Postby MatsP » Fri Mar 04, 2011 11:05 pm

I haven't used earthworm sticks, but yes, they are supposedly very good food.

Cooked fish should be fine. I use cooked mussles and prawns, both of which will be excellent food for Hypancistrus.

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Re: feeding Zebra plecos

Postby Myric » Fri Mar 04, 2011 11:10 pm

Or fish that has been frozen. From what I understand, very few if any parasite found in flesh survive being frozen.

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Re: feeding Zebra plecos

Postby apistomaster » Sat Mar 05, 2011 12:17 am

Myric wrote:Or fish that has been frozen. From what I understand, very few if any parasite found in flesh survive being frozen.

You are probably correct but when it comes to the pond raised fish which may be infected with tapeworms, I would trust cooking more than freezing.
Since I am not raising any fish which don't already have a good diet of commercial frozen fish food and prepared foods I do not have any concerns. I do not feel that healthy, cleaned live black worms are a credible source of disease problems, it is largely academic to me. But I would cook fresh water fish flesh if I planned to feed it to my fish.

As a fisherman, I have encountered quite a few different parasitic worms while cleaning fresh fish and I am sure that has influenced my feelings about raw fresh water fish flesh.
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Re: feeding Zebra plecos

Postby apistomaster » Sat Mar 05, 2011 1:12 am

For those in North America, the best prices on earthworm sticks are from
http://www.kensfish.com
I use them as the staple diet of all my plecos and Discus. Other foods I use are frozen blood worms, Tetra Color Granules and live black worms,
Discus sometimes take a little while to get used to new foods but I have found that both wild and Domestic Discus eat it very well once they become used to it. The plecos I keep in with my Discus get right out there and grab their fair share.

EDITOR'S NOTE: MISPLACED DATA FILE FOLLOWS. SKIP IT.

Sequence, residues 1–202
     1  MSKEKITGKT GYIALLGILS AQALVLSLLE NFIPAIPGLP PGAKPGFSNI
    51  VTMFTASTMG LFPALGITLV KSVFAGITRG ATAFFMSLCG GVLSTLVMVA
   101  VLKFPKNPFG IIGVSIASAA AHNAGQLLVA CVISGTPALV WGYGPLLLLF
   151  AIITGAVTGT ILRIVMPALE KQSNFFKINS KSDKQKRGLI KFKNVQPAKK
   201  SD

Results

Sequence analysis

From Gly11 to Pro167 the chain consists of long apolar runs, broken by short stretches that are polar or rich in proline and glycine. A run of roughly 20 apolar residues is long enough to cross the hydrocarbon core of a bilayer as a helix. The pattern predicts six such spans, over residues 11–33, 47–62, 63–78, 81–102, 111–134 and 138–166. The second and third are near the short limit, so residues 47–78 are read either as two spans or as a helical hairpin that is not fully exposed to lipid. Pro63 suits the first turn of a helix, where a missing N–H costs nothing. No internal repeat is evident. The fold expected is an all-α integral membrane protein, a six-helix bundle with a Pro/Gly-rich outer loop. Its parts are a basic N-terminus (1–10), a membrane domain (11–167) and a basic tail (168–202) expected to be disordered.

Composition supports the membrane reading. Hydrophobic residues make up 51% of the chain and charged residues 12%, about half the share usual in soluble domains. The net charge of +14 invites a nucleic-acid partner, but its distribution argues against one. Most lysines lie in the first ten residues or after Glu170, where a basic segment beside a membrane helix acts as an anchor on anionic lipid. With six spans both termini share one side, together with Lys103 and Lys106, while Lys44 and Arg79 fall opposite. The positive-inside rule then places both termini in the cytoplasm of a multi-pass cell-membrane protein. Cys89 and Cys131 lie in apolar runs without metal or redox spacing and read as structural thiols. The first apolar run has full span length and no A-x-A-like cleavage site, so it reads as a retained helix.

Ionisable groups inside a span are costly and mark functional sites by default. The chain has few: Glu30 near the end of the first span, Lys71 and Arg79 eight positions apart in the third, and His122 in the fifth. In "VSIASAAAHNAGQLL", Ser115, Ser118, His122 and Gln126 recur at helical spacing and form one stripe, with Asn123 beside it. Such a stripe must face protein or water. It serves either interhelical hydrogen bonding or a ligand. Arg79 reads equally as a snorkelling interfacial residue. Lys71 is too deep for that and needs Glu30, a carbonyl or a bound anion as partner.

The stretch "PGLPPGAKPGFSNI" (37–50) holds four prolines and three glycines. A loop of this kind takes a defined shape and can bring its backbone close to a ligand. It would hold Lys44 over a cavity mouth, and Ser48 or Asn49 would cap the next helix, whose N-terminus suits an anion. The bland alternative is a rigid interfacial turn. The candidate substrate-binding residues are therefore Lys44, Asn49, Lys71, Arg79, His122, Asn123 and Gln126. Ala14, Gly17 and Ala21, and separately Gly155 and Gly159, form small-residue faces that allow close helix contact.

Earthworm sticks are the primary food for all my pleco fry.
I received 10 pounds of earth worm sticks last week.

Have you considered wearing latex surgical gloves and placing frozen blood worms in a container of water from which you can suck up however much a tank needs using a baster dedicated to fish use?
I have heard of others becoming sensitive to blood worms.
How strong an allergic reaction can be can range from merely annoying to life threatening
I used to harvest real Tubifex worms and sold 10's of pounds every week at wholesale to shops throughout the PNW USA back when I owned a fish shop.
I became allergic to any dying or broken worms and the water they were in. It was so bad that once I dropped a container and the contents splashed back on my arms and face. I developed a strong Hives reaction wherever that material touched my bare skin. Not long after, due to the Clean Water Act, the cattle feed lot up stream closed down and the stream was channelized which put an end to my free Tubifex farm. Interesting to me is that I haven't developed cross allergic reaction to California Black Worms. CBW belong to a different genus and require cleaner water to thrive than real Tubifex. They are quite different from Tubifex. When I did have an unlimited supply of Tubifex I had some rare breeding experiences. Once, a tank set up with Kulii Loaches in peat moss produced a bunch of little Kuhlii Loaches.

Anyway, I would find an allergy to frozen blood worms a big problem since next to the 20 pounds of earth worm sticks I use annually, frozen blood worms are the next in volume of the foods I use. I use 10 oz.s of frozen blood worms every day. I buy about 100 pounds a year split between two orders of 50 pounds a year which I partially share with a fish friend. We try to use all frozen foods within 6 months.
For some reason, my fish do not seem to care for frozen brine Shrimp or Mysis.
Which is fine with me because I don't think frozen brine Shrimp are all that great of a food.
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Re: feeding Zebra plecos

Postby Amy » Sat Mar 05, 2011 2:56 am

I too have an allergy to bloodworms but my discus just loves them as do the plecos. I always buy the ones in the cube so I do not have to handle it. I just push it out right into the tank and never have an issue with them. Something you might want to try.

If you are like me make sure you not get any bloodworms at all on your hands or cut. If that happens to me with a cut my hands swell so bad and if I get them to close to my nose or eyes my eyes swell really bad to the point I need an antihistamine. But I do feed them and cubes are the way to go. I even use a spoon if I have to use the slab kind. I put it into a ziplock bag, break off what I need inside the bag and use a spoon to get them out and right into the tank.

Good luck to you
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Re: feeding Zebra plecos

Postby racoll » Sat Mar 05, 2011 3:04 am

A decent LFS should stock a variety of alternative frozen foods including glass worms (white mosquito larvae), black mosquito larvae, tubifex, mysis shrimp, krill, cockle, mussel etc. These will all be eaten by the Hypancistrus. Prawn and cockle meat can also be bought cheaper in bulk at the supermarket.